Local punk rock fans are all-too-aware that gigs by longtime favorites The Nobodys are few and far between. So there's a good chance we'd be leading off this column with their upcoming show no matter what.
But what sealed the deal is the fact that the Nobodys performance is just part of a Zodiac showcase that's being promoted as "The Indy Awards Best Of Punk Category Nominees Concert." And yes, you would think we put them up to it, but we're not even involved. Honest.
Saturday night's show will also feature the Röxy Suicide and the Mostly Don'ts. This year's fourth punk nominee, 99 Bottles, won't be able to perform, but three out of four isn't bad. The show is well-timed, too, since Sunday will be the last day to go to csindy.com and fill out your Indy Music Awards ballot.
In other punk-rock news, Peak 31 — the newly renovated and rebranded incarnation of Union Station — will be hosting its first nationally known act Tuesday, July 15. Faster Pussycat got their start alongside Poison and Mötley Crüe in an '80s L.A. where bands couldn't play the Sunset Strip without big hair, garish makeup or leather military caps. Vocalist Taime Downe and his current incarnation of the band are skilled in all three, along with sing-along singles like "You're So Vain," "House of Pain," and the less-than-prophetic "Number 1 With a Bullet." Local rock stars Seven Days Lost, He Kill 3, and Lamb Bed open.
Switching gears as abruptly as possible, Ronald Clyde Crosby — better known by his stage name Jerry Jeff Walker — will be coming to Colorado this Thursday.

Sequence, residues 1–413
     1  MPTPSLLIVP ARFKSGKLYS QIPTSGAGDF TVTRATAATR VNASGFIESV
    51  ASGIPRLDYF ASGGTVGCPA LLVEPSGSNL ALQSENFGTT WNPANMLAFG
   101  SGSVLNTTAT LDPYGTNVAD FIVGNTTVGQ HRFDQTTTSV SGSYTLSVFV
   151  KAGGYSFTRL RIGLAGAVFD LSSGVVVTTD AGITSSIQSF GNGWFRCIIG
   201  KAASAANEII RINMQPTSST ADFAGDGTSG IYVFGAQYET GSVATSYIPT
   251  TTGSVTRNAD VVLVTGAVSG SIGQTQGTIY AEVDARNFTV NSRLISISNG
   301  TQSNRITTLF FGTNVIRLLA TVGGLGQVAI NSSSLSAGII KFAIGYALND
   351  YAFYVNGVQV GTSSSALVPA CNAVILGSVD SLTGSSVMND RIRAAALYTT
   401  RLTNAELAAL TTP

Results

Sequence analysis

The Texas country singer-songwriter is best known for "Mr. Bojangles," a song which was inspired by a New Orleans street singer and is reason enough to consider Walker a legend. (Seriously, when it's come to pure poignancy, you really can't top a lyric like "He spoke with tears of fifteen years, how his dog and him, traveled about / His dog up and died, he up and died / After twenty years he still grieves.")
"Mr. Bojangles" went on to become a hit for the Nitty Gritty Dirt Band in 1970, and has since been recorded by a wide range of artists that includes Bob Dylan, Whitney Houston and Todd Snider, who released a full album of Jerry Jeff Walker covers in 2012.
Walker, who turned 72 back in March, performs rarely these days — maybe a dozen shows in his native Texas and pretty much nowhere else — which means it's well worth considering the two-hour trek to Breckenridge to see him at the Riverwalk Center. It's a shorter drive than Texas, and there's no guarantee he'll be up this way anytime soon. Find more info at jerryjeff.com.
Meanwhile, the last time we wrote about Otis Mitchem, a crowdfunding campaign had just been set up to raise money for infusions of Neridronate, a new drug that's awaiting FDA approval and is currently only available in Italian hospitals. The drug is currently the best hope for Otis and other sufferers of reflex sympathetic dystrophy, a chronic neurological disease that, in advanced stages, can prove life-threatening.
While the online campaign continues, the local music industry is taking it a step further with a fundraising show Sunday at Zodiac, where Otis can often be found tending bar. The special event will feature enough performers to take up half the club's capacity just by themselves, including Cierra Hicks, Alphuh, My Name is Harriett, Ryan Flores, Floaty Raft, Strange Relics, Briffaut, Good Morning Accordion Terrorist, Out to Dry, 4-Moons, The A-Holes, Dustin Bones & the Body Stealers, Grindscape, and Zahar. In between sets, Chauncy Crandall will be hosting an open mic out on the patio.
Donation at the door is $10. You'll also be able to purchase food from local chefs, so you won't pass out from low blood sugar waiting for your favorite acts to perform. (Profits from food sales will also be donated to the cause.)
And, if all that isn't incentive enough, Peaks and Pasties will have an on-site kissing booth. You can also still donate online at gofundme.com/otis-quest-for-life.